First Customer HELICYCLE(c) Flies
Doug Schwochert of Burlington, Wisconsin installed a turbine engine in his HELICYCLE and made it to first place in the HELICYCLE Customer Flight Line-up. This was no easy task; Doug not only had to design the engine mounting system, he had to build a gear box to reverse the direction of the engine output shaft. His modifications worked flawlessly. At the end of the fourth day of his factory check out, Doug was performing high speed, low altitude quick stops and had made several circuits at altitude around the Burlington airport.
Eagle R & D, headed up by B. J. Schramm who started the RotorWay kit helicopter program in the late sixties, is taking a very different approach to customer service this time around. Instead of letting its customers go it on their own after the construction phase, they are sticking very close until each customer has been safely guided through the transition to final checkout and fully operational flight. The checkout program is conducted either at the builders premises or at the factory. It takes place after the helicopter is completed and has received its airworthiness certificate. The builder must have soloed in an R-22 or have recent time as P.I. C. In an R-22. During the RotorWay days, a builder could get his ship off the ground in several "unauthorized" ways and the result was a very high roll-over rate, over which the factory had no control. There were few injuries, however a whole lot of painstakingly crafted parts were turned into instant junk. Interested parties looking on, were immediately turned off. To prevent this carnage in the HELICYCLE program, key components are withheld and installed by the factory test pilot at the start of the check out. This policy also prevents 2nd owners from purchasing a partially completed HELICYCLE and wreaking havoc with it.
The factory checkout takes approximately a week and consists of the following:
1. A very thorough mechanical conformity and
construction checkout using an itemized check list and special factory
The life of a test pilot is said to consist of hours and hours of boredom and moments of sheer terror. Doug found this to be true on his checkout. B.J. had commented on the eventual necessity of a fairing to smooth out the air flow on the underside of the ship between the fuel tanks and the front of the engine. It was thought that this would not be a problem in slow flight. WRONG ! !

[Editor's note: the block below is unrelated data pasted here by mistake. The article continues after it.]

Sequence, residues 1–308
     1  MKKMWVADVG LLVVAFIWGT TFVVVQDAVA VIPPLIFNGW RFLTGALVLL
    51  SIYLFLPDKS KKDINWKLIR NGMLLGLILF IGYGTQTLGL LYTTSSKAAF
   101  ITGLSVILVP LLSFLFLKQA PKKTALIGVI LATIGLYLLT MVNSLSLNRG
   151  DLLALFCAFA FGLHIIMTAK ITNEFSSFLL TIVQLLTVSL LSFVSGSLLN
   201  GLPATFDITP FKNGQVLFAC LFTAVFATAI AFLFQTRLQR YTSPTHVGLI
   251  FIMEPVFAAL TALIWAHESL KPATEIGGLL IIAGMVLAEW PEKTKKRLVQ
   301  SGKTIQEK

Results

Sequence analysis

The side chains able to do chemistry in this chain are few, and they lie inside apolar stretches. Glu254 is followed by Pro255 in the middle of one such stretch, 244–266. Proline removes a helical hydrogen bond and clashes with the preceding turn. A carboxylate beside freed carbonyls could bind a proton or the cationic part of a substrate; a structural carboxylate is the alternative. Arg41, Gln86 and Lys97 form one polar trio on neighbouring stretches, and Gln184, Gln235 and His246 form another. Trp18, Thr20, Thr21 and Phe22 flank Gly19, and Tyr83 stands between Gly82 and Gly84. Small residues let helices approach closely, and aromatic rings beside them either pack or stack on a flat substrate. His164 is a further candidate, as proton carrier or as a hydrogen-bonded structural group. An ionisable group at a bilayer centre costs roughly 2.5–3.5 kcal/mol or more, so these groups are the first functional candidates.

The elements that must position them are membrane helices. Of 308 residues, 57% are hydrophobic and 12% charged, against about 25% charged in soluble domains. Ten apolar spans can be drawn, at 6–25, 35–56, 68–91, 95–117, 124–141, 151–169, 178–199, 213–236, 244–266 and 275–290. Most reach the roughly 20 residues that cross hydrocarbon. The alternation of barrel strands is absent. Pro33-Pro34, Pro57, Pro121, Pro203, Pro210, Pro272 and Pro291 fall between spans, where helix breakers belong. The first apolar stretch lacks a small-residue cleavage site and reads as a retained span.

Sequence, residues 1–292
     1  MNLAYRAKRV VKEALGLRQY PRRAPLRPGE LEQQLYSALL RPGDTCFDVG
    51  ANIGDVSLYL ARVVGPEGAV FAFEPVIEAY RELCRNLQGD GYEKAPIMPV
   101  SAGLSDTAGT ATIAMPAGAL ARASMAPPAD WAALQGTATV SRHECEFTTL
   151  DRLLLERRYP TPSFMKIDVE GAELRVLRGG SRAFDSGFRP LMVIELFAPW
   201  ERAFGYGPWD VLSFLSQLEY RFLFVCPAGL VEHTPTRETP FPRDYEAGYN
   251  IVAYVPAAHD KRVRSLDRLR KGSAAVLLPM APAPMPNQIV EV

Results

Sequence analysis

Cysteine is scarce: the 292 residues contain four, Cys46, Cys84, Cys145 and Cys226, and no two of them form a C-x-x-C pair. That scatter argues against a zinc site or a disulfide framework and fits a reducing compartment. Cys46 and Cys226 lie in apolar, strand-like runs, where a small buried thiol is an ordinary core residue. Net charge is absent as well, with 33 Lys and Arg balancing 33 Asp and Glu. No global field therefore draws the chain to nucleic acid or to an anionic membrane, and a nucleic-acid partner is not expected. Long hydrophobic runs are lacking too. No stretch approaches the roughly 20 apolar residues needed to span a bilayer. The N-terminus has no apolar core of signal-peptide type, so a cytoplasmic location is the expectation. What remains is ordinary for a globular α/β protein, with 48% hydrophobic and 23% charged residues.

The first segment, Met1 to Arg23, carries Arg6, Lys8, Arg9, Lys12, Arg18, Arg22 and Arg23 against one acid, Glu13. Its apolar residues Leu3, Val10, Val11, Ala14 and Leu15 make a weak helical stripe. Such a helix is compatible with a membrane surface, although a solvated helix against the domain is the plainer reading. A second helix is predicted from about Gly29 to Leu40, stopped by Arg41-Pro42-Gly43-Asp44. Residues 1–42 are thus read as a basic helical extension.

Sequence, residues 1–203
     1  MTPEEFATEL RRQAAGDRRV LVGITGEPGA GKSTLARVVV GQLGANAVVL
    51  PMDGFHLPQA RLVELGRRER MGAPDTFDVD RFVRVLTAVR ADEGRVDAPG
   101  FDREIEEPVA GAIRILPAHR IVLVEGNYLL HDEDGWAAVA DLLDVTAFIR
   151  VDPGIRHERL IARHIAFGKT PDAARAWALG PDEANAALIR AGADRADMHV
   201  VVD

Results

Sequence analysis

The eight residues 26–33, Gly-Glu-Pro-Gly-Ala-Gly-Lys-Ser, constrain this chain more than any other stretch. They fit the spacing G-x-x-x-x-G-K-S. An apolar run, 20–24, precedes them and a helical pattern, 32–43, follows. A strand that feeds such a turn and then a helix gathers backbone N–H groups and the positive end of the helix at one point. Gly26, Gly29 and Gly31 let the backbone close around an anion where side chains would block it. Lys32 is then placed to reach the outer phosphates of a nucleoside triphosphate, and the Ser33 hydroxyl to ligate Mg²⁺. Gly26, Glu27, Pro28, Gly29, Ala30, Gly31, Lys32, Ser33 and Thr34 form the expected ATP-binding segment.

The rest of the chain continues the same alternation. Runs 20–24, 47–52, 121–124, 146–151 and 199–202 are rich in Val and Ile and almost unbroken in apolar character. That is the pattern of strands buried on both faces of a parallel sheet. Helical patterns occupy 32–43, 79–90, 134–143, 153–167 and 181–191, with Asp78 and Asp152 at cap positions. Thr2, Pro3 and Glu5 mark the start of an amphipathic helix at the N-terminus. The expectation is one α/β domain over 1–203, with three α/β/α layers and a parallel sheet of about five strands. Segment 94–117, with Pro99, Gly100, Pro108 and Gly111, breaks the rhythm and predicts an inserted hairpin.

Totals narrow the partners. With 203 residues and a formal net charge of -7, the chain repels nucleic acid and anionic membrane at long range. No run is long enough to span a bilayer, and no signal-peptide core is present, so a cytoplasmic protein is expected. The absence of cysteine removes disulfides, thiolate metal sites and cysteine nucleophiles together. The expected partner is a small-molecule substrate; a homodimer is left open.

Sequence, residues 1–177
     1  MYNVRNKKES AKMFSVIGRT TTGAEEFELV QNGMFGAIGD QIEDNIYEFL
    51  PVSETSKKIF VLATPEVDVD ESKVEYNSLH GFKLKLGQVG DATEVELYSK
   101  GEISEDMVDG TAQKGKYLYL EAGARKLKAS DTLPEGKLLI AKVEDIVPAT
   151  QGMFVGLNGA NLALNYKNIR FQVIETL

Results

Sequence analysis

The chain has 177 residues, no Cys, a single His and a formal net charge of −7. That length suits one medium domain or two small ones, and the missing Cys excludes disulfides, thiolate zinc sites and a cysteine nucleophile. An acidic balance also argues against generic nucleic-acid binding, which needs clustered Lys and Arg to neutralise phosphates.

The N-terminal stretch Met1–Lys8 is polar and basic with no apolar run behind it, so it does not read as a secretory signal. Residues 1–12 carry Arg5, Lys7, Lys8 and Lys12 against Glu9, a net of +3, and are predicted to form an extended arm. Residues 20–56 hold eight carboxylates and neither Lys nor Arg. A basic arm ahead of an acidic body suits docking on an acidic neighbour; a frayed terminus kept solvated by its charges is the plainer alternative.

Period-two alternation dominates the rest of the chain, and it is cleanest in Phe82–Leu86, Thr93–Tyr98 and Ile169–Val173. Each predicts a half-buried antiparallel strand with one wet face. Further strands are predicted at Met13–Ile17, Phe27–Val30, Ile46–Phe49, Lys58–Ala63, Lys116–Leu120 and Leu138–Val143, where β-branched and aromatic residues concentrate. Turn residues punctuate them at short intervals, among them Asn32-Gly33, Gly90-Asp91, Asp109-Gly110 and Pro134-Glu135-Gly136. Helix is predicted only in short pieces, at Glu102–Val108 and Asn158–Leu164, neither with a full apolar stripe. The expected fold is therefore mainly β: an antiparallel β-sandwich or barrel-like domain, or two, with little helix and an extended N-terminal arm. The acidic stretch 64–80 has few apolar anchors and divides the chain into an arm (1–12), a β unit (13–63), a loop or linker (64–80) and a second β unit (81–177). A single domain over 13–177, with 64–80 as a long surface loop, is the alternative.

During a down wind descent, Doug encountered what felt
to him like a serious dynamic imbalance in the main rotor. He continued
his descent and pulled into a hover at which time the condition disappeared.
Needless to say, the fairing was installed immediately and the problem
was not encountered again. Doug decided then and there you couldn't
put any price on the factory check out.
The excitement was not over yet however. An unusual
hum, (very low) seemed to make itself apparent in the cockpit. Doug
was by now kind of on pins and needles. Doug felt the noise was from
the transmission and B.J. agreed that it could possibly be that the
upper lift bearing in the transmission might not be getting oiled
properly. This was very doubtful, however Doug deserved
1. Was he happy with the overall outcome of the check out?
Ans.: Yes, the check out was much more in depth than I had ever thought it would be.
2. Is he convinced of the need for it & why?
Ans.: the check out is definitely necessary. I would not even dream of Trying to begin operating the ship without factory assistance.
3. Describe some of the new things he learned.
Ans.: A. The airflow problems with the turbine would
have taken much longer to sort out by myself.
4. How does he feel about the way the HELICYCLE flies?
Ans.: "The ship is so easy to fly, I got up to 75 mph on my first climb out without even trying. It will be really easy to cruise at 95 mph".
5. What will he be using his ship for.
Ans.: Mostly local pleasure flights for now, but I do plan to do some serious cross country flying down the road.
7. How does he feel about the cost effectiveness of his choice in purchasing the HELICYCLE over other designs?
Ans.: I didn't look at the price comparison between the HELICYCLE and other ships nearly as much as I did the experience and design history behind the helicopter. If there were a less expensive equivalent on the market it wouldn't have made any difference to me.
8. How has he found the factory support and customer service?
Ans.: I really didn't need much help during construction,
the video tapes covered pretty much everything I needed to know. The
check out is another matter, I would have hated to do without it.
What we did in just a few days would have taken a month on my own.
In addition, I feel my safety was much enhanced by having a factory
pilot demonstrate how the ship would respond in each maneuver and
flight condition before I tried it.